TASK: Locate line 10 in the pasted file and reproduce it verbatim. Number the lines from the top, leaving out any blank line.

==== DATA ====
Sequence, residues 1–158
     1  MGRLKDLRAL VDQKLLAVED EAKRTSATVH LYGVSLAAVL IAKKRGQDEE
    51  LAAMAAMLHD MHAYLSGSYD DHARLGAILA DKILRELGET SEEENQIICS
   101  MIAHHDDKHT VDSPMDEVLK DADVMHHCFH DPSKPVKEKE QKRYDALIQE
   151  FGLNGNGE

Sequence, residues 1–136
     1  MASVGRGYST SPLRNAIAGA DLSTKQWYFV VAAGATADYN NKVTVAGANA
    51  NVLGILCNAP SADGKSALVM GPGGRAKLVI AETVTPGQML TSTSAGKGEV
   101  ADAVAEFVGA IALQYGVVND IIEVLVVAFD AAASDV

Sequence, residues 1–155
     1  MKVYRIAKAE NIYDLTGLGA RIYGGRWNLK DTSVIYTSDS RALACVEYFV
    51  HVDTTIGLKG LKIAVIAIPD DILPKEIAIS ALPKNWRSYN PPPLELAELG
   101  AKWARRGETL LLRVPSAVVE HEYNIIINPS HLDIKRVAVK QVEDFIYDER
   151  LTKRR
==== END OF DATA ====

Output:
Sequence, residues 1–155